At the Department of Motor Vehicles (DMV), state employees are sleeping on the job. Literally.
A recent report revealed that one particular employee had a habit of sleeping several hours each day while on the clock. This went on for years without discipline, amounting to $40,000 in taxpayer-funded naptime.
This story offers a particularly vivid illustration of the growing dysfunction of California’s DMV. In the last year alone, wait times have increased by 60 percent in the Sacramento Valley and 48 percent in the Bay Area. California residents are furious and justifiably suspect that it is not just a single employee but much of the DMV bureaucracy that has been asleep at the wheel.
The proximate cause of the crisis is the new federal mandate for REAL ID. Since applications have to be processed in person, DMV offices have seen a surge in foot traffic as they work to service 23 million Californians by 2020. Area residents tell me stories of having to wait months to schedule an appointment and up to an additional eight hours while in line at the DMV itself.
The truth is these problems could have been avoided. The DMV has had more than a decade to prepare for the advent of REAL ID and the agency’s budget has already been supplemented by $70 million. Fast forward to this summer, however, and the DMV has still not met its hiring goals. Furthermore, it has only recently begun offering limited weekend office hours, far short of its promise earlier in the year to expand 8-to-5 services to every Saturday and extend weekday hours to 7 p.m.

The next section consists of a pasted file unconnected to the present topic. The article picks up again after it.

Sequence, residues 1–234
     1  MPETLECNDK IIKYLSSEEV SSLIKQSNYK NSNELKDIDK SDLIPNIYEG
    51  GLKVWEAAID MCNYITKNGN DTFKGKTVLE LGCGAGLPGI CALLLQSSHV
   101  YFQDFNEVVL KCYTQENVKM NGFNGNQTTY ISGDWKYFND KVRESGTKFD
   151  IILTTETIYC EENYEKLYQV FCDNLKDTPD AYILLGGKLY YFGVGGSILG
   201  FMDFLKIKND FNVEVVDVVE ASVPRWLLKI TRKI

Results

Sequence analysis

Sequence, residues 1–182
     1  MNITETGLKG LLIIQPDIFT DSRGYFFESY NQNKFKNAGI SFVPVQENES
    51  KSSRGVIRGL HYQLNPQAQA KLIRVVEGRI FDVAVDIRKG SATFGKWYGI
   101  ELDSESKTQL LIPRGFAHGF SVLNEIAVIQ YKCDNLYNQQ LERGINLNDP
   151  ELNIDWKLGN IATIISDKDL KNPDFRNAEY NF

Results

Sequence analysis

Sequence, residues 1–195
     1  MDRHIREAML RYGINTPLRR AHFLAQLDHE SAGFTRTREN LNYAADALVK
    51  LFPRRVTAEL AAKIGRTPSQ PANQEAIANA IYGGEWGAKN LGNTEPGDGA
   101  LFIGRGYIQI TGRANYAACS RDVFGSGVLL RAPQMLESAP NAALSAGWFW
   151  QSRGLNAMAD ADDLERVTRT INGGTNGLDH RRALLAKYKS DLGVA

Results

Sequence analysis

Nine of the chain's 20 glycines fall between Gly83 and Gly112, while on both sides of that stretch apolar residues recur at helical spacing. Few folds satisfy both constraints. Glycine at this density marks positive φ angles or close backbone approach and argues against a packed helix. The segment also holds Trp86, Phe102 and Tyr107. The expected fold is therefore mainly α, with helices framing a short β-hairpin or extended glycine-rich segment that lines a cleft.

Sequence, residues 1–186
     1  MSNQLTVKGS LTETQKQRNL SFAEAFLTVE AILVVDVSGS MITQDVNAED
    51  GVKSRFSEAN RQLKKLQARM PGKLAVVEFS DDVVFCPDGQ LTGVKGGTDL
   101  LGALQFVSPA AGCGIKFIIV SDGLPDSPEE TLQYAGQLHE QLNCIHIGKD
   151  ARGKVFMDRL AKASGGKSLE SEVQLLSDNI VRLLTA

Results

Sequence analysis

Such obvious examples of mismanagement suggest that it would be woefully irresponsible, as recently proposed by the chairman of the Budget Committee, simply to “throw more money at the problem.” The Legislature must take seriously its responsibility for oversight, which means determining whether the DMV has a long-term plan for reducing wait times, investigating how the DMV has spent the $23 million provided so far to speed up services and establishing how the DMV intends to measure program performance and improve effectiveness.
To that end, I have joined several colleges in the Legislature to call for an audit. This will provide a roadmap for streamlining the DMV’s bureaucracy, establishing better organizational goals, and improving management and services.
Californians deserve an efficient, modern DMV where service is quick, simple and painless. What they are getting instead is stress, headaches and lost time. It is past time to change this and I am calling on all of my colleagues in the Legislature to join our drive to reform the DMV.
Assemblyman Kevin Kiley represents the 6th Assembly District, which includes parts of Placer, El Dorado and Sacramento counties. He will hold a community coffee from 9 to 10:30 a.m. Aug. 18 at the Norm Rowett Pavilion in El Dorado Hills (1021 Harvard Way).